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Kubernetes - Mounting a Certificate Authority

16 Feb 2021 - Cody Merritt Anhorn

This article will go over adding a Certificate Authority to your Kubernetes cluster and mounting it into a container, I found that I needed this to setup local development with full SSL support using self-signed certificates.

How To

Its actually quite easy, the only rough point is with the container and where to mount the Certificate Authority file. Based on the base linux you might have to adjust the location you mount the Certificate Authority file.

Generator or Retrieve your ca.pem file

Make sure it’s the Certificate and not the Private Key, below is an example of a CA file.

-----BEGIN CERTIFICATE-----
MIIE4DCCA0igAwIBAgIRAKOASBCmVbT/8wxIuKJMwQIwDQYJKoZIhvcNAQELBQAw
gYcxHjAcBgNVBAoTFW1rY2VydCBkZXZlbG9wbWVudCBDQTEuMCwGA1UECwwlREVT
S1RPUC1BM0RBTk85XGNvZHlhQERFU0tUT1AtQTNEQU5POTE1MDMGA1UEAwwsbWtj
ZXJ0IERFU0tUT1AtQTNEQU5POVxjb2R5YUBERVNLVE9QLUEzREFOTzkwHhcNMjAx
MDE1MjA1MjI3WhcNMzAxMDE1MjA1MjI3WjCBhzEeMBwGA1UEChMVbWtjZXJ0IGRl
dmVsb3BtZW50IENBMS4wLAYDVQQLDCVERVNLVE9QLUEzREFOTzlcY29keWFAREVT
S1RPUC1BM0RBTk85MTUwMwYDVQQDDCxta2NlcnQgREVTS1RPUC1BM0RBTk85XGNv
ZHlhQERFU0tUT1AtQTNEQU5POTCCAaIwDQYJKoZIhvcNAQEBBQADggGPADCCAYoC
ggGBAJwlmzuXvE3YJGn1REjLrbJQegoGOrFd4izxRMPpcmzYOZmz62ygQK1cN7rH
W+BhKWBNdKkDeJ+K5h3bo3XOKg7uljlwq/YugY5nWM+uZIBxx+tE7Ge217nFwtKq
7rwQQhKasjqZJR+e7vfbSfUiOljv2F6Ah6BZMZ/OPwwQfPznCV/tBW8LhpFW5RQn
3Ff9E3/j0tjWvvAM3mNd3Sn4umhdqFviSn2PIBRuQdCPfWE2hq8RyVCdW42bTg7+
fAQmt22qlOLv2pMUbCbkPUchO9vPhRfE3F5Gpiw0Y7fZr3U3q8M8+4guvX1o543n
AiZv5xqwmMzkm0hxhIDtpbHlGSvbRqOrFGU20wR0iOgnKySN/SNMFgkRL1zbk4iB
qjHkZyrwzb2h71QVjFQAAj2SYnEaRwRc/kyZ+tEomuZ2s/sfwqVwHHLGrP2nThAP
dLRUyp9nWZQN9BMej9A7YlCksQlvuqYq0mBUIiF9mD4FUMMIsY8JiR3fANcM4PjZ
d/HvVwIDAQABo0UwQzAOBgNVHQ8BAf8EBAMCAgQwEgYDVR0TAQH/BAgwBgEB/wIB
ADAdBgNVHQ4EFgQULFYN9UGKw7zRIzKtICGRn4yUonIwDQYJKoZIhvcNAQELBQAD
ggGBAJnFyA6KzrjO3akLqm32dudZ2gFe4/zh5vWChqs0Fcmdu1poGvRzQEGFbG2Z
V1dgtUPXwypUHQxx3Ezw3ty4V9dslKRjyEDsfJc91FXVjJrKL2j+A7ehgD2QKrQb
8DNgm/uggKBmTbOvvpcH+RlkrCFx9rLdgVBSAb5go9hmseBtz5AdBq6Qn1VOFUUv
UO9EOceO65eYkiiBxEKuqYyYsp1DOECLFk3DFh+WfqsTq17qN2ZfkI0b0R7pzjke
1tpgbooiRRXogsTm3kEx0V8GhDRtuzavVbhi0KDV11WeYY2ziSTCHSjLDP+kk/oe
ALzk3v2VVa9Et8Amfic3vjD4Cl3AqqzvuD7H97WrvPRjpzZ8gIaZpzRil2TfBN+I
tO+8Vd0Q850BC8Xp7QWeE19vak0XnK9+cC1IaHyJC5DDFU/2oeotRGRbiy6THZ6o
MTc0DxHH1grZ/CBaSaAmMQDViqUInT/j7x/HVXus0oLUPk4raz8Q/KxxiPbM2Uft
gRz7ug==
-----END CERTIFICATE-----

We will now base64 encode it

This will put it into a format we can put into Kubernetes, below is a linux command that you can use to encode a files contents.

base64 ./rootCA.pem > rootCA.pem.base64

# Using the fancy Windows Sub-System for Linux
wsl base64 ./rootCA.pem > rootCA.pem.base64

Take the base64 encoded string and replace the (Base64 Encoded CA) string in a YML file like below. You will have to update the namespace, your-namespace, to make sure it matches where you will running your Deployments.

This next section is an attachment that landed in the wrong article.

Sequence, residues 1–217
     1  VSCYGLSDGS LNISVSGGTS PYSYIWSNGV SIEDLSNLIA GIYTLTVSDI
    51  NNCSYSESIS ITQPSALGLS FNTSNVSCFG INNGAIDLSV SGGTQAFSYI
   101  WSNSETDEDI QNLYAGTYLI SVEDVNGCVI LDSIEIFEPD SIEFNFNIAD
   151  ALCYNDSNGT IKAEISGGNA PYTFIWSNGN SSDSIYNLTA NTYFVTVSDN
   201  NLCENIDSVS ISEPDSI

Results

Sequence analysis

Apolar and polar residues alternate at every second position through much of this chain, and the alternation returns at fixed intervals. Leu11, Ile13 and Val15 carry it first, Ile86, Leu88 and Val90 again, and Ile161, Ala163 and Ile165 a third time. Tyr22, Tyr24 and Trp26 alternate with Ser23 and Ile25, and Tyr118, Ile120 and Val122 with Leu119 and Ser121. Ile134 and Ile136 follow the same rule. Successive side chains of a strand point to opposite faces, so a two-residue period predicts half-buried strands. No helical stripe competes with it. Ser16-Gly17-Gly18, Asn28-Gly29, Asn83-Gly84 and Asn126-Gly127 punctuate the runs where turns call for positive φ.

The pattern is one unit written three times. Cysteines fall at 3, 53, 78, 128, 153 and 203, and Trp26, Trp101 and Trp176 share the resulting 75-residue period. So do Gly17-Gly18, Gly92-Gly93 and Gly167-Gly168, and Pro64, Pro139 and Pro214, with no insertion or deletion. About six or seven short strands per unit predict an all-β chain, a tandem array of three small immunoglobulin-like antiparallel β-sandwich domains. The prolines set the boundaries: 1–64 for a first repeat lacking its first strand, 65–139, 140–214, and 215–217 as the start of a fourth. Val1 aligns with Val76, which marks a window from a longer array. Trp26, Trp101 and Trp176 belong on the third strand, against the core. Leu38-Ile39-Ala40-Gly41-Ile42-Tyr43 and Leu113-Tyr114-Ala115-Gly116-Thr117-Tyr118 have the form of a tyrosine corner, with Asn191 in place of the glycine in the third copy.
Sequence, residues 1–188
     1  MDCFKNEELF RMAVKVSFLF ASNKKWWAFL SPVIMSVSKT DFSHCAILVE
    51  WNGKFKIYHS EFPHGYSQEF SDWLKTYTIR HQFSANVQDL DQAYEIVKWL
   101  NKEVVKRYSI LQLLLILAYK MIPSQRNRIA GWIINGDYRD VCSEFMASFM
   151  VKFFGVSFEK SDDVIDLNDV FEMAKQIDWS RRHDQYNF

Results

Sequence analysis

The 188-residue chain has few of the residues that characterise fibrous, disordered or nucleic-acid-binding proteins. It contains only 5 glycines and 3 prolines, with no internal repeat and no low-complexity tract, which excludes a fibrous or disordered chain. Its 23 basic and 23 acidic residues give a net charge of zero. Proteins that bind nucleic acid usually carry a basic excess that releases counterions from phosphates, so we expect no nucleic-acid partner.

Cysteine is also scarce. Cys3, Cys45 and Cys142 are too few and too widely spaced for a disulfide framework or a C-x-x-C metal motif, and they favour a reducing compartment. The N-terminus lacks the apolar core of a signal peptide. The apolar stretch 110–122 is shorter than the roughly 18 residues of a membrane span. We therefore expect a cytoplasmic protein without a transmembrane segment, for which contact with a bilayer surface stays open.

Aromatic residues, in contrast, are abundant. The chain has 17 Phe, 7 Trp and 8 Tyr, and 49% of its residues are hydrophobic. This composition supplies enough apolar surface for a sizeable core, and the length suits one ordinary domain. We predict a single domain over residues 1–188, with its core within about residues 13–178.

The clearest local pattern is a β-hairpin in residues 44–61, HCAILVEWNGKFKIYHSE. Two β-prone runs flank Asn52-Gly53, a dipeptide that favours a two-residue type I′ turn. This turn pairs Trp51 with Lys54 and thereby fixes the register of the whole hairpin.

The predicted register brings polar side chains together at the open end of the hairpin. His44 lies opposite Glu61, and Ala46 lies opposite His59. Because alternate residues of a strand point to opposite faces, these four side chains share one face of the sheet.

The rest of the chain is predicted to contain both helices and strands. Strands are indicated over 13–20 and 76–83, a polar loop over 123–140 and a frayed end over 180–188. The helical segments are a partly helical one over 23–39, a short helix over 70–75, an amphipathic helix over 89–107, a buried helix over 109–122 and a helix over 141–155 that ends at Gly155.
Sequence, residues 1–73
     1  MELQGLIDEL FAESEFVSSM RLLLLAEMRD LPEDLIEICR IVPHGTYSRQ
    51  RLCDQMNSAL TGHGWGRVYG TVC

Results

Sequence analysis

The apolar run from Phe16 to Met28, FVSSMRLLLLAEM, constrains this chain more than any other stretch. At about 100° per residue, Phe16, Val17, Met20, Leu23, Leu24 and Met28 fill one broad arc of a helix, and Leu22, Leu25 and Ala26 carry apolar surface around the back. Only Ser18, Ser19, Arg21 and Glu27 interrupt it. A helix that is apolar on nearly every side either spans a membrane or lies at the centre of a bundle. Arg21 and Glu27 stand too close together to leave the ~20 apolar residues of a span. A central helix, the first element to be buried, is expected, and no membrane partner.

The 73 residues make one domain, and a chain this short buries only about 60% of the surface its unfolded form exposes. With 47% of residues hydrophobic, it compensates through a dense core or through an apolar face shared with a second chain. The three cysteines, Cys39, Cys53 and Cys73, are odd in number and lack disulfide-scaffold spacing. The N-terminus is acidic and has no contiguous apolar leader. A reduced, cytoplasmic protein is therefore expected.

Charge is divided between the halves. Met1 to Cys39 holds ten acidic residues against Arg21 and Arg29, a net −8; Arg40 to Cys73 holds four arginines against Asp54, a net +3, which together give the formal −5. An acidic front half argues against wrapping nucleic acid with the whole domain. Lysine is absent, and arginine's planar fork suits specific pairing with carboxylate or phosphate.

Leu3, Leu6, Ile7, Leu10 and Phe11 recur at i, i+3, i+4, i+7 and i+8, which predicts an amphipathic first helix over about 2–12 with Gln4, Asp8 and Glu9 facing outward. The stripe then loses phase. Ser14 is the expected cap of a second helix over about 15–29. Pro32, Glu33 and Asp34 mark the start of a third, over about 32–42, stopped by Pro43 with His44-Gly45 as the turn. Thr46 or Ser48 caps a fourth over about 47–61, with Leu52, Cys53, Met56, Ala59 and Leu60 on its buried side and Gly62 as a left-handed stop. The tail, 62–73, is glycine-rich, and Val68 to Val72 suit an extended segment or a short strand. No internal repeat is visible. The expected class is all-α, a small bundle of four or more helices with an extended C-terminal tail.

domain-ca-secret.yaml

apiVersion: v1
kind: Secret
metadata:
  name: domain-ca-secret
  namespace: your-namespace
type: Opaque
data:
  ca.pem: (Base64 Encoded CA)

Add the Secret to Kubernetes

Running the kubectl apply -f ./domain-ca-secret.yaml command, will add your CA to Kubernetes allowing for you to mount it into our Deployment containers.

Create a Kubernetes Deployment

Below is an example of mounting the CA into a Deployment container. The section to point out in the configuration is the mountPath: /etc/ssl/certs/domain-ca-cert.pem, this is the location and filename that the CA will be available in the container. By mounting this into the certs folder of the container/system will allow for application and the OS to correctly load the CA for validating SSL certs for internet requests.

ca-deployment.yaml

apiVersion: apps/v1
kind: Deployment
metadata:
    name: ca-injected-container
    namespace: your-namespace
spec:
    replicas: 1
    selector:
        matchLabels:
            app: ca-injected-container
    template:
        metadata:
            labels:
                app: ca-injected-container
        spec:
            containers:
                - name: ca-injected-container
                  image: dockerhub/your-container:latest
                  ports:
                      - containerPort: 80
                  volumeMounts:
                      - name: domain-ca
                        mountPath: /etc/ssl/certs/domain-ca-cert.pem
                        subPath: ca.pem
                        readOnly: false
            volumes:
                - name: domain-ca
                  secret:
                      secretName: domain-ca-secret

Add the Secret to Kubernetes

Running the kubectl apply -f ./ca-deployment.yaml command, will create your Deployment and the container, if you want to check that the CA was correctly mounted you can Terminal into the container and run the command below.

# (Optional) Install Curl, easy install if not installed
apt update; apt -y upgrade; apt -y install curl

# Run the curl command against any domain that would need the CA for validation.
# Notice the location and filename are from the volumeMounts configuration of the Deployment.
curl --cacert /etc/ssl/certs/domain-ca-cert.pem --verbose https://domain.com


Categories: blog kubernetes

Tags: Kubernetes


Cody Merritt Anhorn
Email: cody.anhorn@hotmail.com